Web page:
1. Continue meeting the requirements of Ontario’s Regulation 860, Workplace Hazardous Materials Information System (WHMIS). Businesses are expected to meet all WHMIS requirements until the GHS requirements come into force.

  2. Assign responsibility for implementing GHS in your workplace to a qualified person, possibly the person who coordinates the annual review of your WHMIS program and any required WHMIS training.

  3. Keep informed of the progress of GHS adoption in Canada and any other countries you do business in. Start with online information available from Health Canada, and the Canadian Centre for Occupational Health and Safety (CCOHS). See also “How WSPS can help.”

  4. Reduce your supply of chemicals having non-updated SDS and GHS compliant labelling. As you do so, ensure your inventory of every hazardous material stays up to date.

  5. Learn about GHS substance level classifications for products, mixtures.

  6. Determine what impact the new classifications will have. For example, some chemicals now exempt under WHMIS may be covered by GHS, and the classification of other chemicals may change.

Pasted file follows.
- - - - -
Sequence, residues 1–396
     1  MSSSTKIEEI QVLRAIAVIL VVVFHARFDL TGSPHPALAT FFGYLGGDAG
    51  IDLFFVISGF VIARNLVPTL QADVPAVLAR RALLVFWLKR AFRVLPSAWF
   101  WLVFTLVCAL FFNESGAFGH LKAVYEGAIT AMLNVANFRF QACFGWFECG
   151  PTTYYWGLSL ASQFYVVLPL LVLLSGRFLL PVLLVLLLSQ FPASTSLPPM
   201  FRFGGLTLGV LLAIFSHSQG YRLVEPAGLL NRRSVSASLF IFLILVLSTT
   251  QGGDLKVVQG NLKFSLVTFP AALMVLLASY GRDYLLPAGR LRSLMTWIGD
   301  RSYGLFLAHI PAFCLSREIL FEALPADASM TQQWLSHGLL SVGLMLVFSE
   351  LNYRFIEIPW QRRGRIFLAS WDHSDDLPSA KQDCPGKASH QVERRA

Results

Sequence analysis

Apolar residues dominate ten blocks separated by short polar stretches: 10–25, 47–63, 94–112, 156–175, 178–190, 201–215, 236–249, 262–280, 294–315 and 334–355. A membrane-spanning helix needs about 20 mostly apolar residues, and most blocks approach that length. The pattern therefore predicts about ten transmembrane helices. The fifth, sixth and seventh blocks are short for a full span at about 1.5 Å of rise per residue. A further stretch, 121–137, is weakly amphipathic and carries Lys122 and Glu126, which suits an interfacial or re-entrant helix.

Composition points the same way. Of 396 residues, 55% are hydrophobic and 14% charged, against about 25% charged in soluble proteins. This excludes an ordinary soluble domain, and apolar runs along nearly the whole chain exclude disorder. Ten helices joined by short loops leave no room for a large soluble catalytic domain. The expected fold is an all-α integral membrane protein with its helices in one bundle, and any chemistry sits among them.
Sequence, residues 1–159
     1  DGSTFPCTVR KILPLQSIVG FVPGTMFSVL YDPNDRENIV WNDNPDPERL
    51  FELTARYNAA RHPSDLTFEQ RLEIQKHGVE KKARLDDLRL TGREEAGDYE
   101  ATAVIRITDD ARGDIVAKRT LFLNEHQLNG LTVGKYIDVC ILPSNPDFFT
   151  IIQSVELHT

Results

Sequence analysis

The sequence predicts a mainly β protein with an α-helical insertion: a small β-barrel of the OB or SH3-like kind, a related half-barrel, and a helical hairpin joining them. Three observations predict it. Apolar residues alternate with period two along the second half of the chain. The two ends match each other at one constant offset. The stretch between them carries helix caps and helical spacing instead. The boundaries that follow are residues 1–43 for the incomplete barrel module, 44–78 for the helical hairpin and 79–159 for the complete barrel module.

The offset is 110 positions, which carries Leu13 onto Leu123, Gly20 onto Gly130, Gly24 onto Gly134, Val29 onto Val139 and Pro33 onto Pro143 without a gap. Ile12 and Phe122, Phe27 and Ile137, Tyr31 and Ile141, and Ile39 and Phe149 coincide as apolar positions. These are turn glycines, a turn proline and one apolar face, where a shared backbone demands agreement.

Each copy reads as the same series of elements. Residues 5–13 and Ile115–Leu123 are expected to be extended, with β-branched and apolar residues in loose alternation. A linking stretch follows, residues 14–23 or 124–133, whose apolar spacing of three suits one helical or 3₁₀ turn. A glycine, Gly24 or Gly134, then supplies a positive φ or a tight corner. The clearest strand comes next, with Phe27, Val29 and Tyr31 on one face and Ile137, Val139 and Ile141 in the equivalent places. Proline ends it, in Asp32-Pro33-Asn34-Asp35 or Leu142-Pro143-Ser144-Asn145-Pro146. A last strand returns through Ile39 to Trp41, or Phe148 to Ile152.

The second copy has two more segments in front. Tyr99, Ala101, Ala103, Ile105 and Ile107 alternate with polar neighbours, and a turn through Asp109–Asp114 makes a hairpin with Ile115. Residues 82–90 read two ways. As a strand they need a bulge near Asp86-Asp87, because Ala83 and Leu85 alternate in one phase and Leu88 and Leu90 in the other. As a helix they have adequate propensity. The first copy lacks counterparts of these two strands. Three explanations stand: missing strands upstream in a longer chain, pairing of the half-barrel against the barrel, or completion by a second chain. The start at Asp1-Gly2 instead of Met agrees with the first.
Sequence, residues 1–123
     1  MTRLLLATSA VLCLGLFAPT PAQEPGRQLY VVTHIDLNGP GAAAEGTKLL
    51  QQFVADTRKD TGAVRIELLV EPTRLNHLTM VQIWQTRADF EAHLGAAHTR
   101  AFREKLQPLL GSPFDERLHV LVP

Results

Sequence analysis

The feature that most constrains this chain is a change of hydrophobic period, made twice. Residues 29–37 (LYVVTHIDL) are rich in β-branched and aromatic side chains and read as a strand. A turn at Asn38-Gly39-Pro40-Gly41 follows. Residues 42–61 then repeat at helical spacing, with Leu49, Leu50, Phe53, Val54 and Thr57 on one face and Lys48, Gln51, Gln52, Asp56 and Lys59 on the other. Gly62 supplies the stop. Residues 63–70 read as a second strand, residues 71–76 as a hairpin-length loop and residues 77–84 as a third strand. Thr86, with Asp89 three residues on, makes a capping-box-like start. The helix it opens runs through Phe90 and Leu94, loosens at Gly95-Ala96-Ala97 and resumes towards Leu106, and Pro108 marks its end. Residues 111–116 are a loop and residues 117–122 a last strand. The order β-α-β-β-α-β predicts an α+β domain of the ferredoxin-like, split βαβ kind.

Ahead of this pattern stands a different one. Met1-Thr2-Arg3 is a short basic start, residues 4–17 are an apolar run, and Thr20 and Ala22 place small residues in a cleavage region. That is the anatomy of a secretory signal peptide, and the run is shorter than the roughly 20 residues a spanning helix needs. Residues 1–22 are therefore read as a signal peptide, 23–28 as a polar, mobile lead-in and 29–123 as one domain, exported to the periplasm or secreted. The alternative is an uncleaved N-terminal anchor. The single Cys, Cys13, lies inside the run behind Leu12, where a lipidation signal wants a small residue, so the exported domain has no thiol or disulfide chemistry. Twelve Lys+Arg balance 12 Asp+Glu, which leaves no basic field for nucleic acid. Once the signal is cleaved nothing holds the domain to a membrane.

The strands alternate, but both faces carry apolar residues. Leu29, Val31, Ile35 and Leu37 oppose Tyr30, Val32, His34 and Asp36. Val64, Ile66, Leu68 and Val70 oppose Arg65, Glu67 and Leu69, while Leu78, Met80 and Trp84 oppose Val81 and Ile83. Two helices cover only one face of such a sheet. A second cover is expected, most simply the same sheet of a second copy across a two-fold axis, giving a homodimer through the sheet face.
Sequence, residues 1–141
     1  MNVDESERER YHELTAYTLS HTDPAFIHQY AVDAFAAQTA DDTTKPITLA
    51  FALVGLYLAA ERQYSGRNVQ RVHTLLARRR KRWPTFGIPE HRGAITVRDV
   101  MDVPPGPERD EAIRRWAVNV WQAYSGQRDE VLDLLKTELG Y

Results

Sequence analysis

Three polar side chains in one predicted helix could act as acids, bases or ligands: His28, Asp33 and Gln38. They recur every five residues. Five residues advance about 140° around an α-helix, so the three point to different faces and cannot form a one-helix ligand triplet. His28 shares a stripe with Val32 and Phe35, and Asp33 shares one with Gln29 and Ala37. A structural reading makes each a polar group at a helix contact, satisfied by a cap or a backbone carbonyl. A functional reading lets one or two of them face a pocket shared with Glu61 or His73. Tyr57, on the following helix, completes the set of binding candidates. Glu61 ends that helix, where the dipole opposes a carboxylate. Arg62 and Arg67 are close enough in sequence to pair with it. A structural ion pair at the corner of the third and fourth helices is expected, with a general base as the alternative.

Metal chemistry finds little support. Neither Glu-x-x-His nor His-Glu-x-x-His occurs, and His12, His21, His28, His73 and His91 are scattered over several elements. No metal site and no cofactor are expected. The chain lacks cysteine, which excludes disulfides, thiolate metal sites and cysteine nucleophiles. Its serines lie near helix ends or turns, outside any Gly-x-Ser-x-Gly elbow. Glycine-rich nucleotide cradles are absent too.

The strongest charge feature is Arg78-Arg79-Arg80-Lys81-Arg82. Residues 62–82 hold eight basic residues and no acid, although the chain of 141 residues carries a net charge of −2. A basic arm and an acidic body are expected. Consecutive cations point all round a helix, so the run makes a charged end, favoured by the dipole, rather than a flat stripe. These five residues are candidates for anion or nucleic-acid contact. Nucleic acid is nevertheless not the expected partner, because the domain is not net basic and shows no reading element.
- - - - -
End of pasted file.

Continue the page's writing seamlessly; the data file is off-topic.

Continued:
7. Develop a plan for new SDSs and labels.

  8. Develop a GHS training plan. Workers will require training on both systems until the transition is complete.

  9. Regularly inform workers and supervisors of your transition strategy and its status.

How WSPS can help

Workplace Safety & Prevention Services is about to launch a 2-hour onsite GHS awareness session that can help jump-start your transition to GHS by raising basic awareness of the changing requirements, implications for workplaces, and possible next steps. Watch for more information in upcoming issues of WSPS Network News or WSPS Network Magazine.

WSPS has extensive WHMIS resources and consulting expertise to help businesses comply with all aspects of WHMIS:

  • compiling and maintaining an inventory of every hazardous material in your workplace
  • creating a system for assembling information on each of the hazardous materials
  • interpreting and using MSDSs
  • providing training that prepares your workers to recognize and safely work with hazardous materials.

Here are examples of available resources:

  • compliance checklist
  • inventory form
  • public training courses (half-day)
  • e-courses (1 hour), many also available in French, for
    • managers and supervisors
    • workers
    • office environments
    • understanding MSDSs
    • the U.S. HazCom system, which has adopted GHS
  • refresher e-courses
  • DVD-based self-study program for workers
  • WHMIS train-the-trainer course

All e-courses include an overview of GHS.

Additional Reading